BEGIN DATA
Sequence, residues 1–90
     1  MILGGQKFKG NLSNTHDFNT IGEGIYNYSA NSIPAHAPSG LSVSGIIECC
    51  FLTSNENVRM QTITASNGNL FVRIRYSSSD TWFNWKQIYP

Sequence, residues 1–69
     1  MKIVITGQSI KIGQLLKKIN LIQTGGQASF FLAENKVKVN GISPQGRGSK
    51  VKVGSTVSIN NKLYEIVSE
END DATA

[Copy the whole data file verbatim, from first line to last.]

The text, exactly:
Sequence, residues 1–90
     1  MILGGQKFKG NLSNTHDFNT IGEGIYNYSA NSIPAHAPSG LSVSGIIECC
    51  FLTSNENVRM QTITASNGNL FVRIRYSSSD TWFNWKQIYP

Sequence, residues 1–69
     1  MKIVITGQSI KIGQLLKKIN LIQTGGQASF FLAENKVKVN GISPQGRGSK
    51  VKVGSTVSIN NKLYEIVSE